Steel Mills Currently in Driver’s Seat

Credit: WorldSteel.com; stack of steel tubing 3d rendering

This month, Argus reports, “A year after one of the sharpest production contractions in the US steel industry, domestic flat-rolled mills are reaping the benefits of historically high finished steel prices, tight supply and record scrap margins. US steel production and mill utilization have remained below year-prior levels for nearly all of last year because of Covid-19-related drops in demand, keeping spot and contract steel supply limited amid higher demand.”

In their February article, “Skyrocketing Steel, Lumber Costs Threaten to Slow Construction Jobs,” Construction Dive explains how this limited supply is causing pricing to increase. “Prices of both lumber and steel — two primary building materials — have surged anywhere from 20% to 25% recently, according to Daniel Pomfrett, national director of forecasting and analytics at construction cost tracking firm Cumming.”

This shift in “supply and demand” is not all bad news however. Construction Dive says, “Observers do see reasons for optimism. Mike Miner, director of pre-construction for Michigan-based Rockford Construction, one of the 400 largest contractors in the country, for example, thinks higher steel prices could end up creating a more lucrative supply incentive for producers. When steel prices go up, they turn furnaces back on, which is what they’re doing now and the market is changing in the world economy to the point where it’s worth us to make more of the steel at home.”

In fact, after Industry groups representing the top U.S. steel producers and the United Steelworkers union in January urged Biden to preserve the steel tariffs, calling them “essential” to the viability of the domestic industry, the new administration announced last month they will keep the current 25% duty on steel imports and 10% on inward-bound shipments of aluminum enacted three years ago in place.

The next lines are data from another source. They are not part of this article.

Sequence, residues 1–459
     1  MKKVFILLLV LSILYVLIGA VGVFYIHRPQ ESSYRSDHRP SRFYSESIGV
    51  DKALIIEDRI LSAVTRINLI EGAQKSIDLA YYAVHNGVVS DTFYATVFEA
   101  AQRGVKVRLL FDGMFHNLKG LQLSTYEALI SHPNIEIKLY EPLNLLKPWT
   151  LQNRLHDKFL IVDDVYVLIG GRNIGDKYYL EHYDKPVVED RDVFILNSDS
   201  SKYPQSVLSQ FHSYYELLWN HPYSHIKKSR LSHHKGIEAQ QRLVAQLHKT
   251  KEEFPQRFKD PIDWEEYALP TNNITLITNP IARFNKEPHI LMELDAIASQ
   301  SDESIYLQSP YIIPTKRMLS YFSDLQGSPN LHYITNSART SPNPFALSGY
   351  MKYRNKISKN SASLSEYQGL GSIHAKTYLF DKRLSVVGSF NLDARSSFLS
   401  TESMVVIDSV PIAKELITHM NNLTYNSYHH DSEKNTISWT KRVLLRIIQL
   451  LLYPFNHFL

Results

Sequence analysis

While the initial impact has not yet been felt, additional steel supply has already come online this year including Arkansas-based EAF steelmaker Big River Steel and JSW Steel USA’s new mill in Mingo Junction. And later this year, the much anticipated new flat-rolled mill by Steel Dynamics (SDI) is expected to open in Sinton, Texas along with Nucor’s expansion of its Gallatin mill.

Back in June of last year, METALCONLive! viewers were given a sneak preview into SDI’s new 1.9 billion plant located outside Corpus Christi in Sinton, Texas. Brian Smallwood, market manager-construction for SDI, spoke as a guest speaker and gave details of his company’s expansion plans. He said, “SDI believes the U.S. should be as steel sufficient as possible. To do this, we should have highly efficient, modernized technology, environmentally friendly, geographically strategic steel plants in order to meet the steel demands in the U.S.” He added, “The new plant is estimated to produce 3 million tons of flat-rolled steel, will be the most technologically advanced mini-mill in the world and will produce 1” thick 84” wide coiled hot-rolled to meet some of Steel Dynamics demand in the energy market and for line transmission of fuel.” Click HERE to read highlights from that episode or watch the episode in our METALCON On Demand library. And look for SDI to be an exhibitor at METALCON 2021 with updates on their new steel mill.

MILL STEEL CO ANNOUNCED AS PLATINUM SPONSOR FOR METALCON 2021

Mill Steel Co., one of the nation’s largest distributors of flatrolled carbon steel, also recently expanded by purchasing commercial assets of Prassas Metal Products, a Los Angeles based steel trading and stocking distributor of pre-painted and coated coil products. This will help to strengthen the company’s geographic footprint with additional sourcing opportunities and greater reach in the Southeastern United States. After more than ten years of being a part of the METALCON event as an exhibitor or sponsor, we are thrilled to announce Mill Steel as a platinum sponsor for this year’s 2021 event scheduled to be held IN PERSON October 6-8 in Tampa, Florida.

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